The Hague Convention in New Jersey Parental Abduction Cases
The Hague Convention is an international treaty between certain countries that governs parental child abduction. This treaty provides a civil remedy to parents whose child was removed by the other parent without consent to a location outside of the United States and provides guidance to bring the child safely home.
The crossing of international borders can make parental kidnappings even more complex, but the Hague Convention can help facilitate a child’s return. If your child has been abducted by their other parent and brought overseas, a New Jersey attorney familiar with the Hague Convention in parental child abduction cases could guide you through the process of getting them back.
Scope of the Hague Convention
There are more than 100 countries that belong to the Hague Convention on International Child Abduction. This list is available at the US Department of State’s website and the Bureau of Consular Affairs. The number of countries is constantly being updated as new nations continue to ratify the convention and become official members.
The Hague Convention becomes applicable in New Jersey family law cases when a parent whose child has been abducted formally requests the return of the child through their local court, citing jurisdictional issues.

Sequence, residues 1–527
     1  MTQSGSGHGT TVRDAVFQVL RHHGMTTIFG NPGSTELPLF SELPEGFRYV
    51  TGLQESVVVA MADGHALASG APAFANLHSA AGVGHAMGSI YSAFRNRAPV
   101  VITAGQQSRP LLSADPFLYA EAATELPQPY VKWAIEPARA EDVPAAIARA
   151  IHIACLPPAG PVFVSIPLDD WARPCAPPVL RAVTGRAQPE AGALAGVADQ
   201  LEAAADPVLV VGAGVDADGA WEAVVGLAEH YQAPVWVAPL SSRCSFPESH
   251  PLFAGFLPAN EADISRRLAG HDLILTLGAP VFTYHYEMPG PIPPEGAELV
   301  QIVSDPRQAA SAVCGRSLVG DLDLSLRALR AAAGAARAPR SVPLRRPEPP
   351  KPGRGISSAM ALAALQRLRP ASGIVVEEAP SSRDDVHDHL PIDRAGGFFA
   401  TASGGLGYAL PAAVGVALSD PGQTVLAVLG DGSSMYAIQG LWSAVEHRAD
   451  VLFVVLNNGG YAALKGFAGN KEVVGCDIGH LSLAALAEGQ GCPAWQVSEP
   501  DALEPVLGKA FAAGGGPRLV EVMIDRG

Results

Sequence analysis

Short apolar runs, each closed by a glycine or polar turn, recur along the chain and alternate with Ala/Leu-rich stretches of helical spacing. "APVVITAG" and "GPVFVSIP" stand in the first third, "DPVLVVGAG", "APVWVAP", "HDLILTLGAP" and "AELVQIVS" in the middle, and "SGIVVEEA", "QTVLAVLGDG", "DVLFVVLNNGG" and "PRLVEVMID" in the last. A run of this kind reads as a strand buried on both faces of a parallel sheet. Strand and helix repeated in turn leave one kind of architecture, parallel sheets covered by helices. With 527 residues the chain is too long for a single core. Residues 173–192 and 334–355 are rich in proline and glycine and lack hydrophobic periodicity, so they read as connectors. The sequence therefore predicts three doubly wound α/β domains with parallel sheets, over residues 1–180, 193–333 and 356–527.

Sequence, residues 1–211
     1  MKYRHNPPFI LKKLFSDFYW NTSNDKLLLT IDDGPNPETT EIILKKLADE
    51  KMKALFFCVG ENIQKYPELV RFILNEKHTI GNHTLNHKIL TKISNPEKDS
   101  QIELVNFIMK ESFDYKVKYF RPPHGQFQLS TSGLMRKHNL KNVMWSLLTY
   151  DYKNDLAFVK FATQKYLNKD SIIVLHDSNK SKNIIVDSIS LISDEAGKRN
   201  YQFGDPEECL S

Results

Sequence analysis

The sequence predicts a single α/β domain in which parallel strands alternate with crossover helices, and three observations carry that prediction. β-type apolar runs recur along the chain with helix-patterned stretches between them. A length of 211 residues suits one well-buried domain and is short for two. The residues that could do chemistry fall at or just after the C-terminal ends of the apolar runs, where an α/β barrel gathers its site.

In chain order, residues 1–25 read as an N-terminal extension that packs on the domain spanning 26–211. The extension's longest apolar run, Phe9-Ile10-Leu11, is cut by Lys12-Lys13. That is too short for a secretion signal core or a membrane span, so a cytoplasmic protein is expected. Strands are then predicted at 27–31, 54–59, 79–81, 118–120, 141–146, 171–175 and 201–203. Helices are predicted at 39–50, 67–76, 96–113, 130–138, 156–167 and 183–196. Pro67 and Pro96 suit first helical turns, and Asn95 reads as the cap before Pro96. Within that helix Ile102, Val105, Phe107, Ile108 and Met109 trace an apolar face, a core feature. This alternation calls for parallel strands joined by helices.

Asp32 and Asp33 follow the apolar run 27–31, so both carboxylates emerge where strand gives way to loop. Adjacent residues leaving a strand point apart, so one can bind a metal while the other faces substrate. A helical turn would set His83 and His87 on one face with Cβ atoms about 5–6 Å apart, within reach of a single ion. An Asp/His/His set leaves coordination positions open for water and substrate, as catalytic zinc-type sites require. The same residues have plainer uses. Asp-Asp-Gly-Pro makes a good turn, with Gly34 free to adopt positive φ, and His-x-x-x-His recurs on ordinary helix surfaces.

Because the United States is a party to the Hague Convention and New Jersey is part of the United States, if a child is abducted from another country to New Jersey, the state or federal judge will order the return of child if they determined that an abduction occurred. This gives a court and the left-behind parent a solution to return their child to their home country.
Abduction to Countries Outside the Hague Convention
If a country where a child has been abducted to is not part of the Hague Convention, the court will make the determination based on the Uniform Child Custody Jurisdiction and Enforcement Act (UCCJEA), which employs similar regulations. UCCJEA applies to the states in the United States, but when a country is not a party to the Hague Convention, the standards of the UCCJEA are also applied to the foreign country.
However, these situations can be difficult because the country where the child has been taken will also apply its own standards and because every nation is sovereign, this can complicate the child’s return.
If the child is not immediately returned, the person seeking the return may have to fight it out in the local court under the laws of that country if they are trying to gain custody. The court would determine the home state of the child and whether or not New Jersey has jurisdiction. A skilled parental kidnapping lawyer in the area could attempt to negotiate the return of an abducted child even if one of the involved countries is not a member of the Hague Convention.
A New Jersey Attorney Could Explain the Hague Convention’s Role in Abduction Cases
One of the first things that a qualified legal professional could do in these cases is to analyze the specific circumstances to see whether the Hague Convention applies and whether there are other remedies for the child’s return that would be appropriate. They could also know how to file the application and act quickly.
A New Jersey attorney would be able to help the left-behind parent fill out the necessary applications with the court and consider interim relief and provisional remedies. They could work with an individual to prepare the factual presentation with the best chance of winning the case. If you are facing this situation and are feeling overwhelmed, let a lawyer knowledgeable about the Hague Convention in New Jersey child abduction cases fight for you. Call today to schedule a consultation.